CAN also proposes that the FPB request that certain aspects of advertising, especially billboards depicting sexual conduct (so-called ‘adult entertainment’), be moved under the oversight of the FPB and receive classifications. The public are continually subjected to sexually objectifying adverts, billboards in particular, of which they have no warning regarding offensive content. If the sexualized content of some billboard advertising were to be used in another medium, like film, it would receive a 13 or 16 age classification. Yet these billboards are on major highways visible to all ages.
The Advertising Standards Authority has no legal teeth or inclination to deal with offending advertisers. They do not do any research and are unwilling to understand the issue of the objectification of women or the implications thereof. In fact, they seem to protect the advertisers and are very dismissive of public complaints, says CAN.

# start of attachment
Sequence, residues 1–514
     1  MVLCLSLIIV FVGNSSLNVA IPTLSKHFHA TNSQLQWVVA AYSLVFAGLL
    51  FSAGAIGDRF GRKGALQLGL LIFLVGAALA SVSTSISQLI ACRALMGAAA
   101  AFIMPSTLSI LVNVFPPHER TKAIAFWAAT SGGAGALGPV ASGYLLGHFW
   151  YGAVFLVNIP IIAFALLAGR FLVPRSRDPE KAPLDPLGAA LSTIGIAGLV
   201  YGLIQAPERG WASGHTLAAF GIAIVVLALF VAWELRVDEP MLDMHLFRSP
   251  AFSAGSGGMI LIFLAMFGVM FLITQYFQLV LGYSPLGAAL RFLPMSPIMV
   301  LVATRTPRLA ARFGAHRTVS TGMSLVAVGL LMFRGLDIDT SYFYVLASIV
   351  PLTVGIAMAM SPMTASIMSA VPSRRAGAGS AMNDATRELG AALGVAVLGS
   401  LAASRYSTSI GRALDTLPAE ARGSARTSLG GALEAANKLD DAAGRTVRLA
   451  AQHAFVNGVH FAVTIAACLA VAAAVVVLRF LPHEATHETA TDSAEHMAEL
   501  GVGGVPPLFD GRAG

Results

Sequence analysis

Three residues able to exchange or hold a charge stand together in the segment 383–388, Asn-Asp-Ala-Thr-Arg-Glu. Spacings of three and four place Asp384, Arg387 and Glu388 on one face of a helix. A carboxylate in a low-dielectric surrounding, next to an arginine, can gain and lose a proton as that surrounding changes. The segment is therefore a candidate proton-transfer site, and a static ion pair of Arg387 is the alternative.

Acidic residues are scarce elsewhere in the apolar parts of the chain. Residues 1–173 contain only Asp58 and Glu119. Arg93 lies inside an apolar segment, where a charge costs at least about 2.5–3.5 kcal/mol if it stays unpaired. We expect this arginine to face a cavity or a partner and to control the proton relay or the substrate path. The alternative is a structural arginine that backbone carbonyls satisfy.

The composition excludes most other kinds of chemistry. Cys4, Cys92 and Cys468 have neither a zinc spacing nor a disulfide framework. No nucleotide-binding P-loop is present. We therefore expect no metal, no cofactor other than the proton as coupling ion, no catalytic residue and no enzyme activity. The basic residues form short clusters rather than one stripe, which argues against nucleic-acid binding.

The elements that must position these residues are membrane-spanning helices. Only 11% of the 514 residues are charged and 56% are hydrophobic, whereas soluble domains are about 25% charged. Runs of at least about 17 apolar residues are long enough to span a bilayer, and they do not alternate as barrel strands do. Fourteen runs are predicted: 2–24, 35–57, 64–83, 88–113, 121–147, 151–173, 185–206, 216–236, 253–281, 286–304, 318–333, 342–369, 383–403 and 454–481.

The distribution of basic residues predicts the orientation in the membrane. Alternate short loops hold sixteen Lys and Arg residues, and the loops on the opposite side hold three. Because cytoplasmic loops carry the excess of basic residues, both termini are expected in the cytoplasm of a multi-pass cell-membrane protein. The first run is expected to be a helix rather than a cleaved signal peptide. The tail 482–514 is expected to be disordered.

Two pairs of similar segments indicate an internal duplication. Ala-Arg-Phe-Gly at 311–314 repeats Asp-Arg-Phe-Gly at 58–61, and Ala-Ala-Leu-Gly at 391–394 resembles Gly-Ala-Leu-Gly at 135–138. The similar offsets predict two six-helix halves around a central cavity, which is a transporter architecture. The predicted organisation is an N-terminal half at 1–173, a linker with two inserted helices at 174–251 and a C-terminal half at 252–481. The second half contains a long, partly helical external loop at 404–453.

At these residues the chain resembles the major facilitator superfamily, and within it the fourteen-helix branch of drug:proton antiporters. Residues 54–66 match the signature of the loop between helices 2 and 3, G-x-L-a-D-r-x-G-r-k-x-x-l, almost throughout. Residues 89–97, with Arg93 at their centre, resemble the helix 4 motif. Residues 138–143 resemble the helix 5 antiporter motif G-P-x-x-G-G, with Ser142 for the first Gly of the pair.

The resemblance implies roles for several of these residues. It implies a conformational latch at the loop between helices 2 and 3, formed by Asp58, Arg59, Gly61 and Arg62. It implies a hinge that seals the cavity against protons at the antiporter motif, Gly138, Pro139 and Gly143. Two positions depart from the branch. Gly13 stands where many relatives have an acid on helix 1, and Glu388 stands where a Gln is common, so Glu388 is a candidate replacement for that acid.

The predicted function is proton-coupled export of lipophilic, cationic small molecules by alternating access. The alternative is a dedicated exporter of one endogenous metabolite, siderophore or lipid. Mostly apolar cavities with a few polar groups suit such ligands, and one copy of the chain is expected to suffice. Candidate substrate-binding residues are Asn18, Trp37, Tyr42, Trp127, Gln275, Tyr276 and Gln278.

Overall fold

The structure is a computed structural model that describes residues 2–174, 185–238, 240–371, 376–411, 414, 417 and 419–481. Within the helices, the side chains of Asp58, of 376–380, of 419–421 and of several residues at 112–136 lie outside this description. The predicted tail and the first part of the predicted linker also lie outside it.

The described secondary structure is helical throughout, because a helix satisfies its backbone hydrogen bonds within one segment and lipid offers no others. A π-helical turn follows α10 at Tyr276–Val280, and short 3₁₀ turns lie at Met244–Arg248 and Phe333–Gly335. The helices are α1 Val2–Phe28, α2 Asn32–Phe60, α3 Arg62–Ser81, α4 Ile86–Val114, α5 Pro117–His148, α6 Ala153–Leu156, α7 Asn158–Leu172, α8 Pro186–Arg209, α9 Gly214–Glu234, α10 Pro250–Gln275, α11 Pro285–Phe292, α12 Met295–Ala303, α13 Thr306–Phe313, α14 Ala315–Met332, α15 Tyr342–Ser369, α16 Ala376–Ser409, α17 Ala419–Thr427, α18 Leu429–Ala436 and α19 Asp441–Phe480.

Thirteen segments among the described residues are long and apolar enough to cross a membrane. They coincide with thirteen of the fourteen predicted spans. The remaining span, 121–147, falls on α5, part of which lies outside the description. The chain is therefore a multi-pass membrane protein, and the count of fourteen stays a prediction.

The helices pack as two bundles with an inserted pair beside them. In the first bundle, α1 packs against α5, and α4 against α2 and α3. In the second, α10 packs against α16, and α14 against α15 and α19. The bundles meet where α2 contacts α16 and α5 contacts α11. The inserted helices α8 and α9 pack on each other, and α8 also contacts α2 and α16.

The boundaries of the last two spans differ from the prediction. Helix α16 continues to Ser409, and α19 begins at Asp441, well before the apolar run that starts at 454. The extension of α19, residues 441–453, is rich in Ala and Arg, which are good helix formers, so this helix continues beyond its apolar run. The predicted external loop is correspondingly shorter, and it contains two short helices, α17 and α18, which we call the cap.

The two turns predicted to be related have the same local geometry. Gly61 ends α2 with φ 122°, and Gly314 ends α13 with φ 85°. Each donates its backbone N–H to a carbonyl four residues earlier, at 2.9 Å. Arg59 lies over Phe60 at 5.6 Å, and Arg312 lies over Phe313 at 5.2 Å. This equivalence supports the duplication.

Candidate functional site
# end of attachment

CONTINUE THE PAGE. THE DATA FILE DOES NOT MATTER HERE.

CAN also calls for the improvement and speeding-up of the complaints process –especially regarding magazines. The entire complaints procedure currently seems to be prejudiced against the consumer and biased in favour of the publishers, says CAN.
Doctors For Life International (DFL), a Christian-based medical organisation, provided Gateway News with a summary of its submission to the FPB in which it recommends an entirely new approach to the classification of films and other media, as follows: